(Photo by Tajha Chappellet-Lanier)
One new member of President-elect Donald Trump’s administration is from Baltimore, and part of his job will involve tech policy.
Reed Cordish, a real estate (not software) developer who is a principal with the Cordish Companies, will serve as an assistant to the president on “intragovernmental and technology initiatives,” the Trump transition team announced.
According to FedScoop, that means Cordish will lead “high impact task forces,” some of which will be related to technology innovation and modernization in government. In a statement, Trump said Cordish’s experience running big private-sector companies is “exactly what is needed to effect substantial change, including system wide improvement to the performance of the government.”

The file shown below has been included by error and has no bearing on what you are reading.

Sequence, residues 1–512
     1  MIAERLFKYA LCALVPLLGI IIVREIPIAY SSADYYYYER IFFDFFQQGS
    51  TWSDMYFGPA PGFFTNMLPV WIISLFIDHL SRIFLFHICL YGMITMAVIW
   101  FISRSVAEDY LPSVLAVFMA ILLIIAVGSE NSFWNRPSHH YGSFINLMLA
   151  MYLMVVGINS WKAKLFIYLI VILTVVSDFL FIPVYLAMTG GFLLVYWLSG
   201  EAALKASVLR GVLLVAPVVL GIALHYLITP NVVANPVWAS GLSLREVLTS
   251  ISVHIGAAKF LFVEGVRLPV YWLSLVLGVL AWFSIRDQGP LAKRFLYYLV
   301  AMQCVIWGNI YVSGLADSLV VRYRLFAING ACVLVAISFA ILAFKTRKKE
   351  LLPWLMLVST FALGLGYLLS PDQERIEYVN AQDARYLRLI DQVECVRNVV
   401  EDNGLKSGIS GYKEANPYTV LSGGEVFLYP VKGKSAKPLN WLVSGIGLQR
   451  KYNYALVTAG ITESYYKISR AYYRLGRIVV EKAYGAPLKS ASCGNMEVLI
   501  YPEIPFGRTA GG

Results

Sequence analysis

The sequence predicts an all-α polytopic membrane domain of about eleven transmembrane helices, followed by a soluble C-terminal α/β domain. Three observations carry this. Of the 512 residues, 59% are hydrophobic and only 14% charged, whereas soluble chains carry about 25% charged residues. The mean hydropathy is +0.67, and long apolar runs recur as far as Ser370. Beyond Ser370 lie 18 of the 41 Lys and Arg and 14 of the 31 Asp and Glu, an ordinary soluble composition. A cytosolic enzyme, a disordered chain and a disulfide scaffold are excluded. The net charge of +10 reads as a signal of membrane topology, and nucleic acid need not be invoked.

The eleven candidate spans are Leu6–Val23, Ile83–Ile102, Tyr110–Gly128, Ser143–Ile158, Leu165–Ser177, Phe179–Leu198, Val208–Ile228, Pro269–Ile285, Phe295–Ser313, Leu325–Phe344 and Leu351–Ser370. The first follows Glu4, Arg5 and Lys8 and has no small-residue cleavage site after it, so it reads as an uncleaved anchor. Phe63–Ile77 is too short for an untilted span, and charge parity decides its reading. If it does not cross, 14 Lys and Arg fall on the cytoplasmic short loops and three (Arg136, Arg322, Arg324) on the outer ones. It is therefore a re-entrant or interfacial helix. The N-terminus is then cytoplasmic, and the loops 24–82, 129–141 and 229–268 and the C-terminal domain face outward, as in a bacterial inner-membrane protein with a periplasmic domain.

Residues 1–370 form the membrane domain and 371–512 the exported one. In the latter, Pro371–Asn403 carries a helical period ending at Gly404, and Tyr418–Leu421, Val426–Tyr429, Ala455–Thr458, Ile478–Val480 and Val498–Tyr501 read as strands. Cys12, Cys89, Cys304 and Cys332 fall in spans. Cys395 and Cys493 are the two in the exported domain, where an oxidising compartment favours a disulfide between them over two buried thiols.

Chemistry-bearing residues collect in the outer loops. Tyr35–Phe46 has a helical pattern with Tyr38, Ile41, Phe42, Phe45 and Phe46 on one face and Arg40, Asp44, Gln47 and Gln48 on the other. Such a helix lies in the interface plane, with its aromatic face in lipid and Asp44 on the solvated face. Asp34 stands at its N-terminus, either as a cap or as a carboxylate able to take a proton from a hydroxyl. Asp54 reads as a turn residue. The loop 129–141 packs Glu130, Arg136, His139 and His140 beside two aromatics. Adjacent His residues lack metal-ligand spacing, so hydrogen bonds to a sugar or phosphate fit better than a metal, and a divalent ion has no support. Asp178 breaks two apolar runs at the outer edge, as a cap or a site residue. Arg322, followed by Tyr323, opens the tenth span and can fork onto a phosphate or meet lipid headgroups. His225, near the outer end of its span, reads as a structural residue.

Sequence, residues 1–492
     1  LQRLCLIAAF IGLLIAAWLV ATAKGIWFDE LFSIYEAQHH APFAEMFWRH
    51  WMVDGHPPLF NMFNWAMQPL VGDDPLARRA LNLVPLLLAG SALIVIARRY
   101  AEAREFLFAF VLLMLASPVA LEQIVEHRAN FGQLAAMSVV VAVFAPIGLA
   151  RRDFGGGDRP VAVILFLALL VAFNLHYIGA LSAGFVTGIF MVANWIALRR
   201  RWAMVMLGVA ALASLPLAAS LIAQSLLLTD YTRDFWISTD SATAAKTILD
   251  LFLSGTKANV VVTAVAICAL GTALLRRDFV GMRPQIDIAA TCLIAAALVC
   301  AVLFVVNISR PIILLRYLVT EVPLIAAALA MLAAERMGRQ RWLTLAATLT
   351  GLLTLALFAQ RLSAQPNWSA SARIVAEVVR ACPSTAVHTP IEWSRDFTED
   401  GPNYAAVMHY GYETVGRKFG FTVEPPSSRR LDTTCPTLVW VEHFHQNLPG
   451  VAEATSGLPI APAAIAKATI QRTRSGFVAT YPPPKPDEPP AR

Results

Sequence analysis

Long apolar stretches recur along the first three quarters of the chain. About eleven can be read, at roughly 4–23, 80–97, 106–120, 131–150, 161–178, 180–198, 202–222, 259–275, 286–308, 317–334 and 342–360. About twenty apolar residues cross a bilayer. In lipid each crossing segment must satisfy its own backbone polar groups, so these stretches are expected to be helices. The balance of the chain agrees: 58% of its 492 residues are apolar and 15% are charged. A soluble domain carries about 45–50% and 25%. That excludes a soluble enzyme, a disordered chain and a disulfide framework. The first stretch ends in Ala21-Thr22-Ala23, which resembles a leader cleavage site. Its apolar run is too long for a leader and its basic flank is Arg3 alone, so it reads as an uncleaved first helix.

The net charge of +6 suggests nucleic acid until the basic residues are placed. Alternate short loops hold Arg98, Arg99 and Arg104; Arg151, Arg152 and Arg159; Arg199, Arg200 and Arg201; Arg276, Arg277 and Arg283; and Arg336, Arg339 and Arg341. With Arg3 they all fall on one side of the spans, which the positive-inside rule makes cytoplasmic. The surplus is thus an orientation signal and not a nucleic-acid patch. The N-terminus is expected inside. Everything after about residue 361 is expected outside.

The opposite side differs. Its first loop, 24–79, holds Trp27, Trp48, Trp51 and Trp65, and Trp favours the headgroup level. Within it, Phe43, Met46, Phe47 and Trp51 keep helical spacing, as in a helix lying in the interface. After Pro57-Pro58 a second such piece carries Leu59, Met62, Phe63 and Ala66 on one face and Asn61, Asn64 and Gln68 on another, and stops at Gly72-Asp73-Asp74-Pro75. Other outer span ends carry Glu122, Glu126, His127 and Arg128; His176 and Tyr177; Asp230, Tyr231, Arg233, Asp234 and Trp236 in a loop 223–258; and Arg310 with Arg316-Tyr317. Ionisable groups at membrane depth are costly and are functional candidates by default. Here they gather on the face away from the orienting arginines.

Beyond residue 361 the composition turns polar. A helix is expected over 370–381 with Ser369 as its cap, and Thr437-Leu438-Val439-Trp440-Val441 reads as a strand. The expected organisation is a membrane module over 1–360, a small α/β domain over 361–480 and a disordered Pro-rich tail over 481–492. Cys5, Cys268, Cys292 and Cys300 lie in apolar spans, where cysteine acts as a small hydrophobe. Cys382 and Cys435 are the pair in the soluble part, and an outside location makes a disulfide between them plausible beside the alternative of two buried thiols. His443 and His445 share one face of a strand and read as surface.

While there are a lot of firms focusing on government tech in the area, it’s too early to say what, if anything, this means for the local tech community. There aren’t that many details about the position available yet.
Jewish Journal reports Cordish is a friend of Trump’s son-in-law, Jared Kushner. His father and Cordish Companies founder David Cordish (who served in the Jimmy Carter administration) is a friend of the president-elect. During the transition, Reed Cordish has been running teams that will serve in departments between Friday’s inauguration and the time that cabinet nominees are confirmed by the Senate.-30-
Fearless wins federal funding to develop platform for Air Force mobile developers
DreamPort plans expansion of Columbia collaboration space
Johns Hopkins, Eastern Shore Entrepreneurship Center win federal grant funding
Why two eminent Baltimore higher-ed institutions collaborated to create this unique dual degree program
Fearless joins coalition of agile federal government-facing tech firms
Find education and internship opps at Maryland’s federal agencies in this database
The Boring Company’s Baltimore-DC Loop reaches ‘early milestone’
What Asymmetrik is doing to help lead healthcare’s digital transformation
Sign-up for daily news updates from Technical.ly Baltimore